Young people including adolescents face barriers to healthcare and increased risk of poor sexual and reproductive health (SRH), which are exacerbated in humanitarian settings. Our systematic review assessed the evidence on SRH interventions for young people including adolescents in humanitarian settings, strategies to increase their utilisation and their effects on health outcomes.
We searched peer-reviewed and grey literature published between 1980 and 2018 using search terms for adolescents, young people, humanitarian crises in low- and middle- income countries and SRH in four databases and relevant websites. We analysed literature matching pre-defined inclusion criteria using narrative synthesis methodology, and appraised for study quality.
We found nine peer-reviewed and five grey literature articles, the majority published post-2012 and mostly high- or medium-quality, focusing on prevention of unintended pregnancies, HIV/STIs, maternal and newborn health, and prevention of sexual and gender-based violence. We found no studies on prevention of mother-to-child transmission (PMTCT), safe abortion, post-abortion care, urogenital fistulae or female genital mutilation (FGM). Thirteen studies reported positive effects on outcomes (majority were positive changes in knowledge and attitudes), seven studies reported no effects in some SRH outcomes measured, and one study reported a decrease in number of new and repeat FP clients. Strategies to increase intervention utilisation by young people include adolescent-friendly spaces, peer workers, school-based activities, and involving young people.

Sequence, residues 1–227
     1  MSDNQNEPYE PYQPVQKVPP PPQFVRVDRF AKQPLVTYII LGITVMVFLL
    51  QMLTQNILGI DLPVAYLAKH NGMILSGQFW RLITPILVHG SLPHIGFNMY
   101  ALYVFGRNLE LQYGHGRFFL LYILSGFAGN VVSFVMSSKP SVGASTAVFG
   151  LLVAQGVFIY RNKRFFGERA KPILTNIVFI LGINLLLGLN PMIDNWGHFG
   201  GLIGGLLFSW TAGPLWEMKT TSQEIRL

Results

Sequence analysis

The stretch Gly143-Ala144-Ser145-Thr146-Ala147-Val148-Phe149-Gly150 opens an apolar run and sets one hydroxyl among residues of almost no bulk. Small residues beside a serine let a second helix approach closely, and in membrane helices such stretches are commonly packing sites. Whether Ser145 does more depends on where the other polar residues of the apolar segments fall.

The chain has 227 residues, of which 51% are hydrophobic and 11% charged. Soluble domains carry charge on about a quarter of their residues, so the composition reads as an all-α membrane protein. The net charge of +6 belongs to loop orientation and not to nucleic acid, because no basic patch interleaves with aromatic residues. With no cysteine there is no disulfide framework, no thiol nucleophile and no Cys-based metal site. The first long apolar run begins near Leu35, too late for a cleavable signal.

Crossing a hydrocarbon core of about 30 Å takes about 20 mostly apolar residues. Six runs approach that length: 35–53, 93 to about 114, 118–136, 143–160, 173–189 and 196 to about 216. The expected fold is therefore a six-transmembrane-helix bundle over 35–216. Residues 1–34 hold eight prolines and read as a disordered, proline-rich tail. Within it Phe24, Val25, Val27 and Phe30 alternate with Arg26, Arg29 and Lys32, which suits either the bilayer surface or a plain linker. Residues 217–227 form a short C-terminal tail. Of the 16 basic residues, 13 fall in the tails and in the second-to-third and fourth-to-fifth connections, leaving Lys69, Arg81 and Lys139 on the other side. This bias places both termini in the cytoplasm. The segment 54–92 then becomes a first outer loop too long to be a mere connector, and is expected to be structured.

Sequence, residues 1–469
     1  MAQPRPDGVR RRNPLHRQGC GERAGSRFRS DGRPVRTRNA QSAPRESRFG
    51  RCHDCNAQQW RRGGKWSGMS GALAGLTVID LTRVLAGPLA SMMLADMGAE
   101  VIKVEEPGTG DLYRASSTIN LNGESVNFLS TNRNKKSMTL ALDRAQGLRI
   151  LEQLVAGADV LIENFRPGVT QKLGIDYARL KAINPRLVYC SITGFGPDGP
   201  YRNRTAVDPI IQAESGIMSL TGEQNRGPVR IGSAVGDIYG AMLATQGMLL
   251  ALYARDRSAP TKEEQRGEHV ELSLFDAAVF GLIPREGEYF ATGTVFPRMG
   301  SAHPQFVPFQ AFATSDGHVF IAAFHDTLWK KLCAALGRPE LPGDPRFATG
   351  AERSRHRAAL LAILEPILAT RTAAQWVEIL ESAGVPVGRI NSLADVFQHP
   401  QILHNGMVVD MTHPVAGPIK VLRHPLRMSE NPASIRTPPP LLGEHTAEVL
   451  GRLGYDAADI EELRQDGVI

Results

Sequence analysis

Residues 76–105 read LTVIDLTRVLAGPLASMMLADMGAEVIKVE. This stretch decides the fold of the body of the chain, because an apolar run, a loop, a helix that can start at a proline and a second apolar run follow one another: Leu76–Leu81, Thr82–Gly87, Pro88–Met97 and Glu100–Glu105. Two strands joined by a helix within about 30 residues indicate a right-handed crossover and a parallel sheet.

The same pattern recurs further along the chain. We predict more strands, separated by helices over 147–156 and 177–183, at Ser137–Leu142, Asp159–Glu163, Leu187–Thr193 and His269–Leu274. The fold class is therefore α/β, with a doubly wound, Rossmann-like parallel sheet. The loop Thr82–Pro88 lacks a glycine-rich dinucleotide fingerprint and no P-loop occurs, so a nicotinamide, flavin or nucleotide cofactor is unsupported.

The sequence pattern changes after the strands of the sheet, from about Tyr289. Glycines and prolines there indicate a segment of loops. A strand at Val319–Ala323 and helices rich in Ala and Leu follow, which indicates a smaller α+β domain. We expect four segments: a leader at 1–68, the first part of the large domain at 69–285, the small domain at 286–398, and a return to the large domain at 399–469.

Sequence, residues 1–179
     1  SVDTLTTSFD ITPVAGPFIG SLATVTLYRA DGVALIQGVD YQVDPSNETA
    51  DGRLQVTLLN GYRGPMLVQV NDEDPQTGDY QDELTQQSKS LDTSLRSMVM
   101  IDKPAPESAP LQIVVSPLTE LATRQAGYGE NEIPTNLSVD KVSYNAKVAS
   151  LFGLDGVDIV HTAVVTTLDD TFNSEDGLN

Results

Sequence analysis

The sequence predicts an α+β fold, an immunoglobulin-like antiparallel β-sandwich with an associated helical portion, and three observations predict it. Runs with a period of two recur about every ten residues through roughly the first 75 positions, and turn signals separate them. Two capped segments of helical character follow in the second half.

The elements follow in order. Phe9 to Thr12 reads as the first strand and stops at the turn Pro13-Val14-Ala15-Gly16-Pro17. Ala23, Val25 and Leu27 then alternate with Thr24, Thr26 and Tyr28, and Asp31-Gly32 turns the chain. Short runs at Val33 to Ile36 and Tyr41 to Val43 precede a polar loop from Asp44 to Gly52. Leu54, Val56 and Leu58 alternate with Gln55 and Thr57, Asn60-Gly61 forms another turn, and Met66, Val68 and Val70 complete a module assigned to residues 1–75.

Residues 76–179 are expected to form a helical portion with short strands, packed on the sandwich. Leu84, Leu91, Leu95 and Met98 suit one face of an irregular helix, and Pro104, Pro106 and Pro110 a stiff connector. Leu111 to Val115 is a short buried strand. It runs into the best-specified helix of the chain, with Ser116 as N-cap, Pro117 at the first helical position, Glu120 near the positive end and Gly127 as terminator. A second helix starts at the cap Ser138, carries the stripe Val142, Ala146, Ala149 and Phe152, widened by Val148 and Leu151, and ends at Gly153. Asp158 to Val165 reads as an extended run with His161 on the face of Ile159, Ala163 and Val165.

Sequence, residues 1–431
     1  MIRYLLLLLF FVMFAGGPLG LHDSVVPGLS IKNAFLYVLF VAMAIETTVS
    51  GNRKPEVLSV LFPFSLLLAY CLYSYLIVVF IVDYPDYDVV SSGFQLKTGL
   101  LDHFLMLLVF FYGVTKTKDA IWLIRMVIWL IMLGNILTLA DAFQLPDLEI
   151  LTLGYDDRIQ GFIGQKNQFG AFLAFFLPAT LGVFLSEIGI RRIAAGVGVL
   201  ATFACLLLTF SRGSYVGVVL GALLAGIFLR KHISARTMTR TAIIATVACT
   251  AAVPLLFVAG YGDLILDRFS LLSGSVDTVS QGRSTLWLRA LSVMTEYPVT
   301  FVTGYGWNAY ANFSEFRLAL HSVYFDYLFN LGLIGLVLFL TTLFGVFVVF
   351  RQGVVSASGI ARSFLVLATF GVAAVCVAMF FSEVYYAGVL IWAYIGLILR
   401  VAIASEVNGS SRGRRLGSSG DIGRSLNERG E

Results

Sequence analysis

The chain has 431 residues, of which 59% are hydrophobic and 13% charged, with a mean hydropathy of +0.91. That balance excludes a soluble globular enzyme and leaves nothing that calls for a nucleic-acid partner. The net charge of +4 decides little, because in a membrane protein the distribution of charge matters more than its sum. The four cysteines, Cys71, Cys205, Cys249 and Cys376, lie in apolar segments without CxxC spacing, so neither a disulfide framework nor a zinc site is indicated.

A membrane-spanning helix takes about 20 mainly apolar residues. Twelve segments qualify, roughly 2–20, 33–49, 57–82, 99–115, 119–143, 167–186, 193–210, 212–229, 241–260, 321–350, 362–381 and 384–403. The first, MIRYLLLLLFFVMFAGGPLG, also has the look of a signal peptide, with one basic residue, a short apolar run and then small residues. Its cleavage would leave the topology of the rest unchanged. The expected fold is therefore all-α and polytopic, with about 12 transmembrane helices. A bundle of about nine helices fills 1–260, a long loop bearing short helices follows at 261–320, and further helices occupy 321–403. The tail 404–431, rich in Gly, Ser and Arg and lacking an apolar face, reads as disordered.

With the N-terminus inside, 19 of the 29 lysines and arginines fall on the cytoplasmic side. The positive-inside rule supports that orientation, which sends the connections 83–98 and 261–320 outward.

Young people, including adolescents, continue to be a neglected group in humanitarian settings. While we found evidence that some SRH interventions for young people are being implemented, there are insufficient details of specific intervention components and outcome measurements to adequately map these interventions. Efforts to address this key population’s SRH needs and evaluate effective implementation modalities require urgent attention. Specifically, greater quantity and quality of evidence on programmatic implementation of these interventions are needed, especially for comprehensive abortion care, PMTCT, urogenital fistulae, FGM, and for LGBTQI populations and persons with disabilities. If embedded within a broader SRH programme, implementers and/or researchers should include young people-specific strategies, targeted at both girls/women and boys/men where appropriate, and collect age- and sex-disaggregated data to help ascertain if this population’s diverse needs are being addressed.
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